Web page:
Skip to content

Women in the Trades: Carpenter's daughter carries on the family tradition

Long-time trades specialist Jill Rydall now training the next generation at Canadore College
Jill Rydall has been a carpenter for three decades and is currently the coordinator of Canadore College’s School of Trades and Technology program.

Growing up as a carpenter’s daughter and working with her father in his contracting business allowed Jill Rydall to imagine herself working in the trades.

Rydall, a licensed carpenter for the past 30 years, was the first female member of the Sault Ste. Marie Carpenter’s Union.

Statistics Canada reports in 2022 only five percent of skilled trades workers across Canada were women. Rydall would like to see that number increase substantially.

Today she is a professor and coordinator in Canadore College’s School of Trades and Technology program in North Bay.

“My dad’s workshop was my playground,” she shared.

She grew up in the small town of Bar River, outside of Echo Bay and 25 kilometres east of Sault Ste. Marie. Her father operated a contracting business and employed his children. They did home renovations, exterior and interior finishes, raised houses and cottages to put new basements in, and sometimes moved them to a new foundation.

At 18, she was hired by a local contractor to lay flooring for her aunt. He wanted to hire a woman, she said, supposedly because they pay more attention to detail. After working with her father for a few years, Rydall landed her first job at Algoma Steel and gained her apprenticeship.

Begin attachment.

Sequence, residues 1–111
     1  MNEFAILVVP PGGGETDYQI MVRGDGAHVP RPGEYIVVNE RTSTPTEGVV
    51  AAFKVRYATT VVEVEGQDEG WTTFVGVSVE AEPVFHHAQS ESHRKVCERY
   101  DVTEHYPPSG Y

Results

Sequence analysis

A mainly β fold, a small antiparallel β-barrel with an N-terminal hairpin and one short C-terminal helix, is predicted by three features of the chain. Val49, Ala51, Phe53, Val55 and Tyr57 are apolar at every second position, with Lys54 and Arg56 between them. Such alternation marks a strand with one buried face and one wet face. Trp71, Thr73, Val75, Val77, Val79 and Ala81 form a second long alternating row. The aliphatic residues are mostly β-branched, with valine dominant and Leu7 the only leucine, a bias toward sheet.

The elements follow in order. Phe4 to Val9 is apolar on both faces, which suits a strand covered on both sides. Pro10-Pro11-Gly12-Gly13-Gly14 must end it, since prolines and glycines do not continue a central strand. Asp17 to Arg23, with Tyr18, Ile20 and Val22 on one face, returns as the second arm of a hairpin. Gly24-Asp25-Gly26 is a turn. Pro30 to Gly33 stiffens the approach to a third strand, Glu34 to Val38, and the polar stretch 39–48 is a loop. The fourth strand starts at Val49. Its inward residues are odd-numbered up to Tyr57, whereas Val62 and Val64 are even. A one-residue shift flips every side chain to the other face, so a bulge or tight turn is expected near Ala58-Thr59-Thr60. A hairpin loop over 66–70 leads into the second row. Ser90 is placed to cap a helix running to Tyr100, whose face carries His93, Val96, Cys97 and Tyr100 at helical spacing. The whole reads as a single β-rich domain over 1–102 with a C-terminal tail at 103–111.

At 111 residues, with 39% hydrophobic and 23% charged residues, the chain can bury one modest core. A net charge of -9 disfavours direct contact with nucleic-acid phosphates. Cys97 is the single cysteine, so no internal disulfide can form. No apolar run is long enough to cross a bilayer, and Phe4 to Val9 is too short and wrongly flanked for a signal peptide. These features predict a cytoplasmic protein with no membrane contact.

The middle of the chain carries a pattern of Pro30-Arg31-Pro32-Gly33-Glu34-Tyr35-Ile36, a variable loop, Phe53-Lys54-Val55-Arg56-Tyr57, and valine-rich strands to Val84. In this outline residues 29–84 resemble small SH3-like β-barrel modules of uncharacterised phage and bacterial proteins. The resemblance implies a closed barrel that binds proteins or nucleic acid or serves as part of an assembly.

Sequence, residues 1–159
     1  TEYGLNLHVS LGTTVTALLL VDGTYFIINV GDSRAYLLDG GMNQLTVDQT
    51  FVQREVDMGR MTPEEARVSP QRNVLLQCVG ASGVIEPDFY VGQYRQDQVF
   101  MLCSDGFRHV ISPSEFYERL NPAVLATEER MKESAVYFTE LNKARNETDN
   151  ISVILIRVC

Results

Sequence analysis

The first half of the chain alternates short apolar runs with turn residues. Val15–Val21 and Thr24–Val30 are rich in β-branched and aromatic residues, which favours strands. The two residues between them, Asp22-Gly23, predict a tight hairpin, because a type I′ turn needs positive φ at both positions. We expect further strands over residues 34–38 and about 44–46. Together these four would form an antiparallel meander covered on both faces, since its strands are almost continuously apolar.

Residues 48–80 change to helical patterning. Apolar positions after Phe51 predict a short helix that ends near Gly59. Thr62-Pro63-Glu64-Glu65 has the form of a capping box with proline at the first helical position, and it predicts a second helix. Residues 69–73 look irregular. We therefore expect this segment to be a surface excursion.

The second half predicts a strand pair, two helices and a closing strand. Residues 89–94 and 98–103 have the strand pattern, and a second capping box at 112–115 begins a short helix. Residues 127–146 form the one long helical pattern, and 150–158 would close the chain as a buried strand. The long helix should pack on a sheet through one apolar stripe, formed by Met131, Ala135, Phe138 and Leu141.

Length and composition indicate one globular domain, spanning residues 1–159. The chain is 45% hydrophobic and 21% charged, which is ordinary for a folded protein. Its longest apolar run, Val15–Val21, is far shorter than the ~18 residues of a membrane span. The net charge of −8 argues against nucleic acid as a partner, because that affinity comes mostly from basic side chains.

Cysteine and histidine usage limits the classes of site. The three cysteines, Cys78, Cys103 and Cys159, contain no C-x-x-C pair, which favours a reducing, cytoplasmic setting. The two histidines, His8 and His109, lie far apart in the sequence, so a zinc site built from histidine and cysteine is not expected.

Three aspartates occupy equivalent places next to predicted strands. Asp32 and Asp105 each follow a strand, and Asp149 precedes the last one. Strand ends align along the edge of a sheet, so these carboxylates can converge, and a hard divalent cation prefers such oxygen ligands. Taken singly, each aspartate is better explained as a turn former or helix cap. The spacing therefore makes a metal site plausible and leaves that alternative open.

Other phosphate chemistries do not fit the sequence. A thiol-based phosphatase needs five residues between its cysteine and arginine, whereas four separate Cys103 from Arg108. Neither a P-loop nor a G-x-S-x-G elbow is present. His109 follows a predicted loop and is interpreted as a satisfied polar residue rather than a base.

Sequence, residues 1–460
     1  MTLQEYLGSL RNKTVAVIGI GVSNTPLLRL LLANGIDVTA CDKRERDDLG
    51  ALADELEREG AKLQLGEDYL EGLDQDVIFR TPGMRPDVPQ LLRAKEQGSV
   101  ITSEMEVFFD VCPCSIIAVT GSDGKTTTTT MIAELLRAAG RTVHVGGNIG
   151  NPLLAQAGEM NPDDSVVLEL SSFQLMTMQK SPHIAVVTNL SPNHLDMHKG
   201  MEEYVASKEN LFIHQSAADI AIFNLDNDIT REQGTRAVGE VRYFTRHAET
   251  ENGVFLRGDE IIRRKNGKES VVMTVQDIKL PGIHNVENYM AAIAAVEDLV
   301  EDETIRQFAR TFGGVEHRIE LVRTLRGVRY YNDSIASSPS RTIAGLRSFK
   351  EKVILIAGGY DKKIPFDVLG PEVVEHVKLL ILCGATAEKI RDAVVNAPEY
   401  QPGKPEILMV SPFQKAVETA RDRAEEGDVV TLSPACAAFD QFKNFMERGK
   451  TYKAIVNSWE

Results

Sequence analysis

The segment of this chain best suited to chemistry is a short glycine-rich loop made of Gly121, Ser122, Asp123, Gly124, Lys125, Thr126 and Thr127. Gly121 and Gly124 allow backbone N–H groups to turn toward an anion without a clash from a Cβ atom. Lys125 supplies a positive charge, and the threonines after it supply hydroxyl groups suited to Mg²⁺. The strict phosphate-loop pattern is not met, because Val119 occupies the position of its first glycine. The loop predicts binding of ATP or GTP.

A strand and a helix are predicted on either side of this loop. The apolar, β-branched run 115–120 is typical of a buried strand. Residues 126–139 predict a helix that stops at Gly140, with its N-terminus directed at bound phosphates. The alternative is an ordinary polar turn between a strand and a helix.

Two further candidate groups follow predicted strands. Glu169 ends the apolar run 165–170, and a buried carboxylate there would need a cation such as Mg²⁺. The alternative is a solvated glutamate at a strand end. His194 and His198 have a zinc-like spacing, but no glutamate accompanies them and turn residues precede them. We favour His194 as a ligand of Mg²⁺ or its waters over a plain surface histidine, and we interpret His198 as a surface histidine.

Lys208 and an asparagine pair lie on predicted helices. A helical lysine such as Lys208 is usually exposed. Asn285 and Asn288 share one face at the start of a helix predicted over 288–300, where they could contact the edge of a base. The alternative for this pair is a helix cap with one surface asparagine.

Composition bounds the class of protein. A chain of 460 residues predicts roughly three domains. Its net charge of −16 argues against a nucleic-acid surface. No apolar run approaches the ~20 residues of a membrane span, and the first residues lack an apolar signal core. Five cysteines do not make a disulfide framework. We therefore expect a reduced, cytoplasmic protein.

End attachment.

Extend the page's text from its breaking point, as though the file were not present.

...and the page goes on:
“I was so scared to go to work,” she admitted. “I got to the parking lot, saying to myself, ‘Not doing it,’ and then ‘Don’t be ridiculous,’ and turned around and went in.”

Although it was a tough start, it turned into a fantastic experience.

“There were guys that did the odd thing; my foreman would put an end to it immediately, though,” she recalls. “One older worker told me I should be at home, but you don’t pay any attention to those comments.”

Apprenticeship is important in the trades and she started her first job with 9,000 hours of residential building experience just from working in the family business. They started her as an apprentice and quickly bumped her to a level two.

Rydall eventually landed a job at Canadore as the shop technologist teaching basic safety skills. After 10 years, she decided to make a change and eventually landed in southern Ontario teaching the Women in Skilled Trades program at the Centre for Skills Development.

The majority of her career has been in teaching and demonstrating the variety of skilled trades available.

“I am finally seeing more women come into my classes, but it took a lot of years,” she said. “I think social media is sharing the message that women are working in the trades and thinking, ‘Maybe I can do this.'”

Her first-time teaching at Canadore, she was 26 years of age, but returned 11 years ago to finish out her career.

She loves her work as the coordinator in the building department and faculty for the carpentry apprenticeship program. Canadore's carpentry labs provide over 14,000 square feet of training space. That is large enough to have two full-size houses built within that space.

Rydall helped to launch the college's pre-apprenticeship program for women, with a focus on Indigenous women in the trades. It's been running for five years.

“My experience has always been that it is a struggle to get women into the trades,” she said. “We are lucky to get one or two in the regular program. But we are finally starting to see more women coming in.

“There is such a shortage of tradespeople, and women can fill those gaps."

If you love athletics and the outdoors, carpentry is great, Rydall said, since you are working out every day.

She wants women to know that if working in the trades is something they want to do, they shouldn't let anyone tell them they can’t do it.

Rydall said she has had a great career that has provider her with financial independence and a decent wage.